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An Dunan, TRAIGH NAN SRUBAN
An Dunan, TRAIGH NAN SRUBAN
STRUCTURE (Late Bronze Age to Early Iron Age - 1000 BC to 401 BC)
Bronze Age/ Early Iron Age ritual structure
NB 04538 34599
NB03SW 20 044 345
NB 044 345 Situated on eroding saltings at the N of the Traigh nan Sruban, near Crowlista, is a small utilised natural island known locally as An Dunan. Situated on top of this bedrock outcrop is an oval orthostatic structure. The island is linked to the old shoreline by a stone causeway partially buried in the peat. Test excavations on this site were carried out during June and July to establish the nature and date of the feature.
Two trenches were opened, one on the structure itself, and one down the side of the island into the saltings. Excavations within the structure revealed a series of modifications to the visible outline and a much larger underlying structure with a clay floor and circular clay hearth. The latter produced evidence of intense burning and possible cremations. Within the upper multi-phase structure was a series of peat ash dumps and hearths overlying the earlier clay floor. The long trench running from the island?s summit revealed that the island consisted of a bedrock ridge which outcropped on the S and W sides and included terraced stone revetments along its N and E sides, forming an entrance route from the causeway.
Small finds recovered seem to indicate that this site is Bronze Age, and include fragments of beaker pottery, possible bronze slag, and a complete penannular shale bracelet found against the W wall of the primary structure but possibly associated with the later modifications. Radiocarbon dating of the numerous carbon samples retrieved is forthcoming.
Sponsors: Historic Scotland, Edinburgh University Archaeology Department, Russell Trust.
C Burgess, J Dempsey and S Gilmour 1996
NB 044 345 The 1997 season of excavation on this tidal islet revealed a more coherent picture of the underlying structure associated with a major central hearth (Burgess, Dempsey and Gilmour 1996). The hearth proved to be the focal point of the site incorporating many episodes of use. It was founded on a clay base, the four corners being marked by large orthostats, the two northern of which flanked a possible clay or compacted ash feature accessing the hearth. The southern orthostats flanked entry to a multi-phase area of 'niches' which may have originally held many of the artefacts deposited in the building. These include a range of quartzite pebbles, some struck quartzite artefacts and a mixed assemblage of plain and decorated pottery. The building itself consisted of a mix of large orthostats and rough coursing around the W side and a much poorer construction of smaller stonework to the E. A small trench across the visible causeway to the site revealed a single period construction, possibly late in the site sequence due to its location cut into the peat. Current preliminary interpretations of this site place it within the mid- to Late Bronze Age and focus on its possible ritual aspects as a suspected mortuary building. The penannular shale bracelet recovered last year originated from the building.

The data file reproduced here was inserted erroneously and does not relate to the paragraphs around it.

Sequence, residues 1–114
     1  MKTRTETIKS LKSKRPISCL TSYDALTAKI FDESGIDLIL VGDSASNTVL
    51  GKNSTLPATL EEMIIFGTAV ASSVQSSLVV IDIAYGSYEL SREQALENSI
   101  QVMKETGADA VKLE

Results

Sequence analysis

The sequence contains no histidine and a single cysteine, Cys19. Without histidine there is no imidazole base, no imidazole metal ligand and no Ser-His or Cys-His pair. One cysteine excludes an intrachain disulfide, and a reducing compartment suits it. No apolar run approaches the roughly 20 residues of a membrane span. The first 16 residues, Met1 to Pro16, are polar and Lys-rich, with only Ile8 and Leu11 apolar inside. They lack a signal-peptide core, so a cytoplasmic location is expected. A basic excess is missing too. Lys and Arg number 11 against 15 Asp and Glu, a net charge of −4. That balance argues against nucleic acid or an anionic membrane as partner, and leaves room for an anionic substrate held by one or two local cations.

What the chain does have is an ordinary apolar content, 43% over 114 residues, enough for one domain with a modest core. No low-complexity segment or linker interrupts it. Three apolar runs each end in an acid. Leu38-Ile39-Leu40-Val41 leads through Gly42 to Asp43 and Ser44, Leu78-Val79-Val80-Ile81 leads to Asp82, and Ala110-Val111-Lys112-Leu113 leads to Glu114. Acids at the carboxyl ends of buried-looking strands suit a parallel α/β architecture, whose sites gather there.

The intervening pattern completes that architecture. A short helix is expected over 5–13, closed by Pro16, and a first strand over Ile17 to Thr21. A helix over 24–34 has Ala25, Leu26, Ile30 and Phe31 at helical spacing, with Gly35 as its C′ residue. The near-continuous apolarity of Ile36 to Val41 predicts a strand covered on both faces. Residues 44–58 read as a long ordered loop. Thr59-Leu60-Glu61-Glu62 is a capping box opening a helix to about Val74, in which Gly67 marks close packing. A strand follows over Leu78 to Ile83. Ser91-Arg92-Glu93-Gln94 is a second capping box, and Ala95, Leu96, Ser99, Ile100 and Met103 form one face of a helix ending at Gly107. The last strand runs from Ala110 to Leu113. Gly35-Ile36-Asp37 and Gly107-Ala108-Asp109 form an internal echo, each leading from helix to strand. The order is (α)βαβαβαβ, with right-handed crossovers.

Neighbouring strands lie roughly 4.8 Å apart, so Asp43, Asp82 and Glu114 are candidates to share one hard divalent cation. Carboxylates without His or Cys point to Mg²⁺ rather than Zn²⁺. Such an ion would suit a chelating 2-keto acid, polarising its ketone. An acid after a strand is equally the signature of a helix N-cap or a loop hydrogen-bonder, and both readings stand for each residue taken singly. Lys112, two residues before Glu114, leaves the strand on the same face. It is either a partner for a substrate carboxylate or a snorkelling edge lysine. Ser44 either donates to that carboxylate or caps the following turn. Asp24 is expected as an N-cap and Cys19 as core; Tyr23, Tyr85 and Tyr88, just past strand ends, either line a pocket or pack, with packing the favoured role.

Sponsors: Historic Scotland, Edinburgh University Archaeology Department, Abercromby Trust Fund, Carnegie Trust, Small Project Grant - Edinburgh University.
C Burgess, M Church, C Flitcroft and S Gilmour 1997
1996. 'An Dunan (Uig parish), utilised natural island', Publisher: Council for Scottish Archaeology, Pubished: 1997 Discovery and Excavation, Scotland. 110
1997. 'An Dunan (Uig parish), utilised natural island', Publisher: Council for Scottish Archaeology, Pubished: 1998 Discovery and Excavation, Scotland. 85
Information provided by Western Isles Council Sites & Monuments Record, January 2006.